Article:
Co-Parenting With An Unreliable Ex: 5 Steps For Keeping Your Kids Secure
They’re a no-show or late at almost every custody swap. They promise to call or Skype the kids…and then don’t. They frequently “forget” to share important information like…your son was sick over the weekend, or that really big science project they were supposed to work on was left untouched.
Unreliable exes often don’t seem to realize that their behavior not only makes it difficult to co-parent, but also makes it hard for kids to feel safe and secure in their relationships with their parent. Stuck with an ex who can’t — or won’t — take parenting responsibilities seriously? Here are 5 tips to help you keep your kids feeling as secure as possible in the face of someone who does everything possible to make them feel insecure.
Adhere to the custody order. Don’t get into a tit-for-tat situation. If your ex keeps the kids during your parenting time, don’t seek revenge by keeping them during her time, or docking child support. Document the situation in an email. Refer her to the section in the court orders that she is violating. Ask for her cooperation and let her know if she doesn’t adhere to the orders, you will have no choice but to contact your attorney. Make sure not to write anything incendiary, as your email could get read in court.
Don’t let your frustration spill on to the kids. Whether consciously or subconsciously, your ex is trying to get a reaction out of you, so don’t give them the satisfaction. Notice when you’re feeling triggered and take steps to avoid outbursts in front of the kids. If you find that you can’t control your frustration, or that you’re snapping people other than your ex, do what you can to keep your emotions in check: journal, vent to friends, talk to a therapist, exercise.
Acknowledge the problem appropriately. You may need to talk to your children about their other parent’s unreliability: either they bring it up, or your life has become so chaotic that you have to discuss the problem. Acknowledge how your ex’s behavior makes them feel, but don’t slander the other parent (even if you think they deserve slandering!) If your ex has a diagnosed mental illness, you can say something like: “Daddy has a brain disorder.” If your co-parent is merely selfish and irresponsible, you can say: “Mommy has a hard time realizing that her actions can affect other people. This has nothing to do with you, but I know it hurts your feelings. I’m sorry.” Take this opportunity to talk to your children about what they can’t control (other people) and what they can control (their own actions).
Maintain boundaries. Setting boundaries with someone who continually ignores them is tiresome, but necessary. Unreliable exes need to know they don’t get to change the timeshare willy-nilly, or drop in unannounced, or interrupt family dinner with lengthy phone calls. They also don’t get to play games with child support. Communicate with your ex simply and directly – in writing – and explain the consequences of this repeated behavior: returning to court to modify custody, for example, or filing a motion to enforce child support.. When writing emails, stick to the facts, and resist the urge to set your ex straight.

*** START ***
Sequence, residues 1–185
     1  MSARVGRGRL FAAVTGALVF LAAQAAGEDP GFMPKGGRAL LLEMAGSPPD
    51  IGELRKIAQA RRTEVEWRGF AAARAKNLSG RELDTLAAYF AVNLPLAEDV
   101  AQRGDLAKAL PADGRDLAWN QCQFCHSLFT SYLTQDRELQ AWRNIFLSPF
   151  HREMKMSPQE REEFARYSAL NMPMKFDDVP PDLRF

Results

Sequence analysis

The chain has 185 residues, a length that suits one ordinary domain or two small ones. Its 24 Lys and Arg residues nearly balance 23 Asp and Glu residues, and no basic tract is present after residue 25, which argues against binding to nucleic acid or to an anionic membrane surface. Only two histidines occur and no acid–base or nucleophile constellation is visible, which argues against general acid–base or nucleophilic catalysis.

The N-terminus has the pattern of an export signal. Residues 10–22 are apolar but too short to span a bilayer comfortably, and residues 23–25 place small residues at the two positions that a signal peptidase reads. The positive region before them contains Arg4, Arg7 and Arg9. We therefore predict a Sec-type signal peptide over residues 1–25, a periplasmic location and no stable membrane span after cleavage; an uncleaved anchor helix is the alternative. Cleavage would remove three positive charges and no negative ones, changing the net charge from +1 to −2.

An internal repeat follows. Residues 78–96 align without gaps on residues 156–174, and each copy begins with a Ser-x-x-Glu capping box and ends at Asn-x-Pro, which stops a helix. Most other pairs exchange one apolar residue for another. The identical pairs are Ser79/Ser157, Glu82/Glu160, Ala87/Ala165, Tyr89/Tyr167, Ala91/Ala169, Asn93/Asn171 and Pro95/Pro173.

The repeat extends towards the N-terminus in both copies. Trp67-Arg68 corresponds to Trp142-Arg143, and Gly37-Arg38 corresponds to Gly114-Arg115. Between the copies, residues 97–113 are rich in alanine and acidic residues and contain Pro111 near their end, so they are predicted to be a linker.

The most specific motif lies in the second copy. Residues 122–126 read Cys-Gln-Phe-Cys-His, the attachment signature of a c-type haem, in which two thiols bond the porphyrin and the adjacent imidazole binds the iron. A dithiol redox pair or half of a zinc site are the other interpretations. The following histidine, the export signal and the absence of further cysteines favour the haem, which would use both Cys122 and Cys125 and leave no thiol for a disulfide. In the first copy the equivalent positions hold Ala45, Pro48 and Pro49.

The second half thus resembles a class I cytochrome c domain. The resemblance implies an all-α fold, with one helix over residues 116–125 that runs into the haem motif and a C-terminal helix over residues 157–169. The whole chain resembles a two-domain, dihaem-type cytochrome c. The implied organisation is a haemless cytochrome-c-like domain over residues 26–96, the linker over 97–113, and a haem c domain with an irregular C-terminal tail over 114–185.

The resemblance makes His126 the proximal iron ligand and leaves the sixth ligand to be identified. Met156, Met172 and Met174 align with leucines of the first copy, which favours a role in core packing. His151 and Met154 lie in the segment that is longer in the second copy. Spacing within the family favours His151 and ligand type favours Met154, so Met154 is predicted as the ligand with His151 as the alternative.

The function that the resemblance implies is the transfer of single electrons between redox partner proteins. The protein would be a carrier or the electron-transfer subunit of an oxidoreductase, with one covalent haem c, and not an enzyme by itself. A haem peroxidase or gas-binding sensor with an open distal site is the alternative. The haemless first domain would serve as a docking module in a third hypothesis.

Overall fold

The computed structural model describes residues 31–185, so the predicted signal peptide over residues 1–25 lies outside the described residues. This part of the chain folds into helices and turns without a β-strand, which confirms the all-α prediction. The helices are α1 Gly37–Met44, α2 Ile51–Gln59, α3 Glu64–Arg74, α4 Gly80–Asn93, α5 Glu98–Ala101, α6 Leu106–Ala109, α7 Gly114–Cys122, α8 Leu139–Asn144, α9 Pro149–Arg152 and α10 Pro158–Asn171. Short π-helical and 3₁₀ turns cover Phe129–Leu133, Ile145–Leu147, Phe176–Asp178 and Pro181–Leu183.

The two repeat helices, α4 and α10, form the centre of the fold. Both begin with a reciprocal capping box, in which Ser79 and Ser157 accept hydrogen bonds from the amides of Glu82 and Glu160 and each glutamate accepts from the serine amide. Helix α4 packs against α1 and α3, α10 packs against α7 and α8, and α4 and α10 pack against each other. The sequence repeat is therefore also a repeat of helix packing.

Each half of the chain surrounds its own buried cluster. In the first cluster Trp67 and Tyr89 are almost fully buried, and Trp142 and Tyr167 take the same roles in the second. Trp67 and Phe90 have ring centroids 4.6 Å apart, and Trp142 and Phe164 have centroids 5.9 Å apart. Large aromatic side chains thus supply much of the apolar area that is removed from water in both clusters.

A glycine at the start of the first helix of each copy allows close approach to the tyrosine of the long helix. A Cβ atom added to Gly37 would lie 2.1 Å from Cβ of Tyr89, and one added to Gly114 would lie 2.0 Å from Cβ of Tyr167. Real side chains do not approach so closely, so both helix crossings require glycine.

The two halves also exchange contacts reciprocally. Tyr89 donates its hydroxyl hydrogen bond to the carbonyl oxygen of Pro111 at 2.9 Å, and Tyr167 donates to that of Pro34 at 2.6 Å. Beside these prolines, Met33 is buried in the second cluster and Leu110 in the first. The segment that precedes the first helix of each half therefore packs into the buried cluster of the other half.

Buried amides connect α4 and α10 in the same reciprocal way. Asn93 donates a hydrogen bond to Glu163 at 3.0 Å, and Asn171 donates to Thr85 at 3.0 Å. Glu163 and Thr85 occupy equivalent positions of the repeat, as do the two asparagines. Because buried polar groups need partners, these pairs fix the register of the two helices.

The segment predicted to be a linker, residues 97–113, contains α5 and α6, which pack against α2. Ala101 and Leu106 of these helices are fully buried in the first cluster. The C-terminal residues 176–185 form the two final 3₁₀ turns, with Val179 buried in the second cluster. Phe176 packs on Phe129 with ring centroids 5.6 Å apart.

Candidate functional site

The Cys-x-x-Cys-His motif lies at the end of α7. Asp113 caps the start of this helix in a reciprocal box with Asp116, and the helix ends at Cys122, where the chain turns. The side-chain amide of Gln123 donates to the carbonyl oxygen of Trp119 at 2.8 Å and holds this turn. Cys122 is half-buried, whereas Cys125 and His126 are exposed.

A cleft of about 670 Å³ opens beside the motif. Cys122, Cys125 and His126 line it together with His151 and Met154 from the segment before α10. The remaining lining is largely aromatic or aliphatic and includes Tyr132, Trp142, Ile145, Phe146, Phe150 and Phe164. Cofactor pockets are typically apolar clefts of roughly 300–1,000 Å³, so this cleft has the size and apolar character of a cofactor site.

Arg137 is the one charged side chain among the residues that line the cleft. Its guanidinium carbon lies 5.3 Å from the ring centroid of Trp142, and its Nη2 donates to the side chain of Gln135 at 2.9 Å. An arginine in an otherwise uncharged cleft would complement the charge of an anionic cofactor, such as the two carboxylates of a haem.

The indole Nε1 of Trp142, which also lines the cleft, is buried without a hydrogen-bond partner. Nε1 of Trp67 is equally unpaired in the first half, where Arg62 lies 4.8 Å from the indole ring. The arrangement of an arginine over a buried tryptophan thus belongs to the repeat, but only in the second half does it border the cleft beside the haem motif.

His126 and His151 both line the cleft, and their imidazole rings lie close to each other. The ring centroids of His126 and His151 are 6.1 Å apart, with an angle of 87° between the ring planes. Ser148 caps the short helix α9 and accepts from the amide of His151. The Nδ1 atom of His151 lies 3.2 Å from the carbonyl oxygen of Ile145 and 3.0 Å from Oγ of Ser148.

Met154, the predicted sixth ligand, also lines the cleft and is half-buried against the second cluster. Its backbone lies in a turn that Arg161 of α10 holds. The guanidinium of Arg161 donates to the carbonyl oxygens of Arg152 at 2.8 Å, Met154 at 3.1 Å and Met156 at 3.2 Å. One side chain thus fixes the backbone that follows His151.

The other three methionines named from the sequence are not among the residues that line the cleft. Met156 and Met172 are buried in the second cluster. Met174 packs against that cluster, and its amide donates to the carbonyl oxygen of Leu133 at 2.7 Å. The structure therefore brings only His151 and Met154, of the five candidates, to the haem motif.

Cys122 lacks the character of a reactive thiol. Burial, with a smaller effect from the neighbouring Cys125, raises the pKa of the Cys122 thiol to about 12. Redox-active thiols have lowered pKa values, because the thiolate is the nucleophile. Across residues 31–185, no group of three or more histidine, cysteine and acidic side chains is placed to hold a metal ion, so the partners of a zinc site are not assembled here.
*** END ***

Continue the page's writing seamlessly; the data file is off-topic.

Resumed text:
Empower your children. Unreliable parents can do a head-trip on kids: they invalidate their feelings and make them think their job is to meet the parent’s needs. If you see your child being manipulated by your ex, give him tools to express his needs and feelings assertively and appropriately: “When you do X, I feel Y;” “I don’t feel comfortable doing that;” “I would like you to listen to me, when can we talk?” Tell your kids that the point is not to change their other parent’s behavior, but for them to have a voice. If they’re afraid to speak honestly with the other parent, have them talk to a therapist. This will give them a safe space to say things that they might not even be comfortable telling you.
When co-parenting with an unreliable ex, it’s important to accept that they most likely will continue their dysfunctional behaviors to some degree. Pace yourself: you will be fighting an uphill battle until your kids reach the age of majority and custody is no longer an issue. Instead of focusing on how your ex’s behavior is hurting your children, recognize that you have the chance to teach your children the important life skill of handling adversity. And while they may never be able to depend on their other parent, they will feel secure knowing that they can depend on you.
Have questions about your custody arrangement? We can help you asses your rights and options, and map out a strategy for a plan that truly put your child’s best interests first. To speak with one of our experienced family law attorneys, please contact us to schedule your initial, no-obligation consultation.